If you just want to vent about a bad brunch experience take it to Yelp. Take it to the review site or take it to the manager. The venting is not going to be helpful. But, if you came to me and said you had a really bad experience, you still vented your experience, but you said, “You know what, I learned that you never want to treat your customers that way and I want to make sure I’m going to personalize the experience or if somebody complains to me this is how I’m going to handle it moving forward.”
If you took a lesson from that then I would say to absolutely tell your audience that. It is helpful. Your ideal clients would love that because they are always seeking ways that they can please their audience and always seeking ways they can get more intimate and deeper and make their audience happier with their service, their product, their business. There is value there.
Or, if it’s an open-ended thing where you are really pissed off and, frankly, really don’t know how to handle this because you are a business owner and know that one bad review can kind of tank your business.
If you are a small restaurant or something like that you feel bad. But I still think there’s a lesson there that’s worthy of sharing. You have an internal conflict and dialogue going on that’s like, “I’m not quite sure how I want to handle this because I want to leave a Yelp review yet I know, and I’m aware as a business owner, that sometimes one bad review can really hurt someone so I had to think about that and I’m still unsure what I’m going to do but the conflict of where I’m marinating or where I’m thinking about proceeding with this, I can empathize with another business owner as a business owner but still want to share my experience.”
I think that’s a worthy story to share. There is conflict there. It’s an open end but your audience can learn something from that because I guarantee a lot of them are feeling the same way. I guarantee a lot of people in your audience think twice about complaining about service because they’re a business owner too.
They are like, “How would I feel if someone left me a one-star review?” Hopefully that is helpful for everybody. I know there is a bit of a fine line there but I always say to think about the lesson. What’s going on? Is there some wisdom you can impart to your audience that would be helpful for them in this situation?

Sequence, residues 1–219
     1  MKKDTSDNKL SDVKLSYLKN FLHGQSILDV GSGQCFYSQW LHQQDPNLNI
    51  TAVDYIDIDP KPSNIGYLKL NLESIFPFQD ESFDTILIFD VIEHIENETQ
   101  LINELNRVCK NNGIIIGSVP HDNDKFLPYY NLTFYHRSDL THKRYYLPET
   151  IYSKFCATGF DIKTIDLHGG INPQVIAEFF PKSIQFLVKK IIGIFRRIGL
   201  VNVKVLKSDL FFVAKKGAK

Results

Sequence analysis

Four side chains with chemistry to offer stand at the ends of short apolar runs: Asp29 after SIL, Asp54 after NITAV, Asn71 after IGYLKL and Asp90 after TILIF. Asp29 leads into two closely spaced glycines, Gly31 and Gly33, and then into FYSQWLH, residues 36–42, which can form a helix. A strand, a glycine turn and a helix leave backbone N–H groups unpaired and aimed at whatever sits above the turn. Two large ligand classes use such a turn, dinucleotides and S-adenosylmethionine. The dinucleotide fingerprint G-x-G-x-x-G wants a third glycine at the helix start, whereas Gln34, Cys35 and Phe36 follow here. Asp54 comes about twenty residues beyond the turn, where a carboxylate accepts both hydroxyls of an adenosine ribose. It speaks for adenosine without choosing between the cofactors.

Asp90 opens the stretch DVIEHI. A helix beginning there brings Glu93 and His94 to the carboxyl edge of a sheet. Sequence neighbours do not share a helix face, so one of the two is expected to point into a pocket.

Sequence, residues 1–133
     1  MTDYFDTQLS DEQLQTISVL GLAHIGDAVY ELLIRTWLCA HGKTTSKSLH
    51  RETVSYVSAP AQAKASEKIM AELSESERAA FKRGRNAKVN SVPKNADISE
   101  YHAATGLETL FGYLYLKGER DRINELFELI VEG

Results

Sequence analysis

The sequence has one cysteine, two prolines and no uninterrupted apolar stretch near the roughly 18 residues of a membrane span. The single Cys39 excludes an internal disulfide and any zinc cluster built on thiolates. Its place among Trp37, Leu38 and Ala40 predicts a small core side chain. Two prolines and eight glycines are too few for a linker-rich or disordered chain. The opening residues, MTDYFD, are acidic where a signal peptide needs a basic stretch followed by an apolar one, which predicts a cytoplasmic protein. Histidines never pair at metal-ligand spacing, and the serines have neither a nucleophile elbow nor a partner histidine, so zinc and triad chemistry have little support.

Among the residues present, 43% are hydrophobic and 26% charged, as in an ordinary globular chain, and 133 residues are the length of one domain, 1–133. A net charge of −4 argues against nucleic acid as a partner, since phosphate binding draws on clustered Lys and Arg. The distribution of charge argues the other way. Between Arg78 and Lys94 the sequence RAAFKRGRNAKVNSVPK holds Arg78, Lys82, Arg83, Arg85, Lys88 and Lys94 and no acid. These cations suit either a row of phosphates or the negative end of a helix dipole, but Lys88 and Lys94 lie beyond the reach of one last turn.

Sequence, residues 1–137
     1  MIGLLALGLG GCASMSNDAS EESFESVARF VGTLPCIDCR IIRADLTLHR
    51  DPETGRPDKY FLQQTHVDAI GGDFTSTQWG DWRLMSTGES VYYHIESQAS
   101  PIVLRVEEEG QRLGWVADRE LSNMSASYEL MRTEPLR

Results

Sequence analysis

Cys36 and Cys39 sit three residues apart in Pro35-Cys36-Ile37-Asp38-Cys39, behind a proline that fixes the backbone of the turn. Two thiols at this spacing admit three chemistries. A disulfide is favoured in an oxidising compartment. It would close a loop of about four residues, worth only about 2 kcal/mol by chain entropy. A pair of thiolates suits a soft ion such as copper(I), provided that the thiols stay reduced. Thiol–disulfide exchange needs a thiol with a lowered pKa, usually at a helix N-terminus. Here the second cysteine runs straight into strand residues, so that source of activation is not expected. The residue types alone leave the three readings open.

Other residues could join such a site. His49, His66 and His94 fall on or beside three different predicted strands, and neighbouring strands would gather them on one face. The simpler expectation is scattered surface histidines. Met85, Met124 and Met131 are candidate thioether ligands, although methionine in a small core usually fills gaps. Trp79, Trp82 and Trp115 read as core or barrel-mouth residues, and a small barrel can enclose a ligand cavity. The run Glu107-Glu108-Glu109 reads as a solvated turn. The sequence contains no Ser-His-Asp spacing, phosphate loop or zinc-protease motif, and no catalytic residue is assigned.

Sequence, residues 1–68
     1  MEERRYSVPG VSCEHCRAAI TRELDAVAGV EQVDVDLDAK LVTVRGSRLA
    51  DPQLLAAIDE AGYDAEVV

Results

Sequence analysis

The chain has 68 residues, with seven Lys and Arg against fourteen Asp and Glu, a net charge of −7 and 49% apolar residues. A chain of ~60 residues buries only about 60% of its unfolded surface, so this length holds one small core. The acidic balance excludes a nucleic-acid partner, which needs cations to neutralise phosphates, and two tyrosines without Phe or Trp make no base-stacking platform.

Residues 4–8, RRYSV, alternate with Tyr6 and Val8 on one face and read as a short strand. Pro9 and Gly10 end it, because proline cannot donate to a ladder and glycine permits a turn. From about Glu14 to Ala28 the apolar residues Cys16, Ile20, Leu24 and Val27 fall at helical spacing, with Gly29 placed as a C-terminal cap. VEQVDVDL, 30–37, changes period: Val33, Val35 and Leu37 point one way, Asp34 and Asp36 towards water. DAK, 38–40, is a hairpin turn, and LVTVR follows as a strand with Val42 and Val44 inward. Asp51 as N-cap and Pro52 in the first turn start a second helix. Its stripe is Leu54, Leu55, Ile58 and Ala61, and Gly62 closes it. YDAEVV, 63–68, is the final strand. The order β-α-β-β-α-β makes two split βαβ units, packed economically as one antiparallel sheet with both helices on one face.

AMY: I think it’s a great question, what is the lesson there? If there is something there then you should share it, for sure.
To wrap it up, what is our final binge-worthy storytelling technique? I know you’ve got one more. I need a drum roll maybe. But, what’s next?
MELISSA: That is actually what the next tip is, “What is next?”
AMY: Oh I love it.
MELISSA: When you’re finished with a piece of content the mistake that people make is to close the loop and it’s done. They think about each piece of content singularly. It’s like you wrote the blog, you recorded this podcast episode, you made this video, or whatever it is and that’s off their plate. They check the box for their weekly content.
What you really want to be thinking about is the coming attractions. What should your audience be expecting next? One example I use, I’m a huge fan of TV. Duh! I feel like I have probably said that 17 thousand times.
I hate when I’m watching an episode of a show and then there’s no trailer for the next episode. I get really upset. I’m frantically searching online for it because I want to know what’s coming next week.
AMY: I listen to those. I need to know what’s next, for sure.
MELISSA: Of course. That’s exactly how people feel about your content.
AMY: Good point.
MELISSA: What is coming next week? Hello, Amy? What can I expect? Also, you can create that feeling if you do this. If people aren’t feeling obsessed with your content yet this is a way to psychologically create it for them.
If you’re giving coming attractions for your next piece then it has that same feeling. They are connecting it to what they see on TV when they hear, “Next week on The Bachelor.” They are going to feel the same way about your content.